We have now come to the end of our discussion of the book of Revelation. And therefore we must choose another subject. This time the subject will be more doctrinal than exegetical, although, of course, all doctrine is based on the Word of God as contained in the Scriptures. And therefore, doctrine presupposes the interpretation of the Scriptures, or exegesis.
We have thought of different parts of doctrine that have to be explained. But for practical reasons I now choose the doctrine of salvation, that is, of the application of salvation to the sinner that is dead in sin and misery. In other words, we wish to discuss the way in which salvation is applied to the heart of the sinner. And, although we cannot distinguish sharply between the various elements of this way of salvation, nevertheless we must distinguish the various steps, from a logical point of view, in the way of salvation. And then we prefer the way in which salvation is applied to the heart of the sinner as follows: first, regeneration; after that the calling; thirdly, faith; in the fourth place, justification; fifthly, sanctification; then preservation, together with perseverance; and finally, glorification.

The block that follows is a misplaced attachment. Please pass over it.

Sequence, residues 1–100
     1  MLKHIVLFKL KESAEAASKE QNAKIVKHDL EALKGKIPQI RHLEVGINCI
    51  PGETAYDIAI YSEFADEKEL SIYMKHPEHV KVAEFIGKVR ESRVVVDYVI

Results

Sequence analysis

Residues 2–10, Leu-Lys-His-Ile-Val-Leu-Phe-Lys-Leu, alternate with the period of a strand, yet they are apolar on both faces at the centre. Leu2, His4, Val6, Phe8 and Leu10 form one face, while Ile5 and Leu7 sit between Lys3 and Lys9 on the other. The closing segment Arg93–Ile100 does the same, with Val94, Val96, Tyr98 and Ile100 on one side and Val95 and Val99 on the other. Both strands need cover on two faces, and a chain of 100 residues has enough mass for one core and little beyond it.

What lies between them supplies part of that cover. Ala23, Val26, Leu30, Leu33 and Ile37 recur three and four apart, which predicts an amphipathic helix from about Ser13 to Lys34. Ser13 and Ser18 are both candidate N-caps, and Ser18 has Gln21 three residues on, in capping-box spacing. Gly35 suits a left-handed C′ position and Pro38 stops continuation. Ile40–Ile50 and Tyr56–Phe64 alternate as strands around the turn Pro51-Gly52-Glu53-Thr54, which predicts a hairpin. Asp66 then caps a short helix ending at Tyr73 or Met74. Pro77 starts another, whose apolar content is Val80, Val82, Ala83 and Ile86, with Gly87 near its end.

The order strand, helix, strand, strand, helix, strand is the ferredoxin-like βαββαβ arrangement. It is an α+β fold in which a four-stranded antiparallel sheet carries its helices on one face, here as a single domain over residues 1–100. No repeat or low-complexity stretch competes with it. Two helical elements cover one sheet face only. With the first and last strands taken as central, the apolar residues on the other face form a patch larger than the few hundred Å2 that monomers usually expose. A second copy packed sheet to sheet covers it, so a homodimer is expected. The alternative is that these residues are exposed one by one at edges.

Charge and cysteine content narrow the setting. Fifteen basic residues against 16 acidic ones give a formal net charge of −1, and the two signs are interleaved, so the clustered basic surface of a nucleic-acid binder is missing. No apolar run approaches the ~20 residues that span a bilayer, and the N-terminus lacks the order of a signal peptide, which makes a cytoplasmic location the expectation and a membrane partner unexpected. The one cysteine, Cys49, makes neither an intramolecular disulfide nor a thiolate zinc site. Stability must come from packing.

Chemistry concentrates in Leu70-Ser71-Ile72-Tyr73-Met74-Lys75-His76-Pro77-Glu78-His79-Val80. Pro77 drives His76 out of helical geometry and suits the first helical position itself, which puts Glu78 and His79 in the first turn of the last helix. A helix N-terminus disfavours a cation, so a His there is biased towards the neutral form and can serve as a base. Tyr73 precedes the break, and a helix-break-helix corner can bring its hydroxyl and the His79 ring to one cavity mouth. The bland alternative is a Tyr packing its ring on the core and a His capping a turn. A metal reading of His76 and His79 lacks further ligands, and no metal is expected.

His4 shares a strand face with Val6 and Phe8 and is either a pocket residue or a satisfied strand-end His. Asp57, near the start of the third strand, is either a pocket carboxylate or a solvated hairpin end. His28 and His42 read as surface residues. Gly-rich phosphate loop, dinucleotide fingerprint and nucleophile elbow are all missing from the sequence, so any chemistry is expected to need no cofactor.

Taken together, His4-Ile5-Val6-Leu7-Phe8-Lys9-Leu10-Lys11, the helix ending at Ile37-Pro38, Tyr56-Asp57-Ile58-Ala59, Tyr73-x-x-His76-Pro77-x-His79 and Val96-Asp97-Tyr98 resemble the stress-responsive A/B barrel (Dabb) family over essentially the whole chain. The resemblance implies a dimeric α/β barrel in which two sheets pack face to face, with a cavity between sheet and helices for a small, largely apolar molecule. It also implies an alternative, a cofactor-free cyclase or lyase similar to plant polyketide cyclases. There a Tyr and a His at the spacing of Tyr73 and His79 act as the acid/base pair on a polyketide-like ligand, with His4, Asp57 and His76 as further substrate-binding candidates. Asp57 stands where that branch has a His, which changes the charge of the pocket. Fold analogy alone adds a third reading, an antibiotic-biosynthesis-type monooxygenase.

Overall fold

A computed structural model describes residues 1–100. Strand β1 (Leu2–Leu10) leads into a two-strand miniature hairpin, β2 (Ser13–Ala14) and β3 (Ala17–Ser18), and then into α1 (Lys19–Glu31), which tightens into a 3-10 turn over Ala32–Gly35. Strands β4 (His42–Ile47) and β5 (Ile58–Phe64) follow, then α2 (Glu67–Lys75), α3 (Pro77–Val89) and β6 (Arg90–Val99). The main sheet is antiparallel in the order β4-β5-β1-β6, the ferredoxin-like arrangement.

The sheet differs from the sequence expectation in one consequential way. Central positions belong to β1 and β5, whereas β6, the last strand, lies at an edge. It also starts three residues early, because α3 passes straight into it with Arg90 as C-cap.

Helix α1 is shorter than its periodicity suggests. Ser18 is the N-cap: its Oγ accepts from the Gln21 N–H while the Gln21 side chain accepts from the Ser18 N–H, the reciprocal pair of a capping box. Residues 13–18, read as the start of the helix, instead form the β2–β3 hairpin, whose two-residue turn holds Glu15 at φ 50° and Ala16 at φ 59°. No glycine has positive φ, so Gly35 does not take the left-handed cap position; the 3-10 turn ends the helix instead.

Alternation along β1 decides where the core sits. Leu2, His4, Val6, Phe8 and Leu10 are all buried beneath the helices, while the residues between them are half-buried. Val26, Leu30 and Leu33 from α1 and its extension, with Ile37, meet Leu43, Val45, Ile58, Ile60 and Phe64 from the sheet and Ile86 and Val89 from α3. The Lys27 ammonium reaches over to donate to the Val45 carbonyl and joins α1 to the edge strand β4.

Hence, we first discuss the question of regeneration.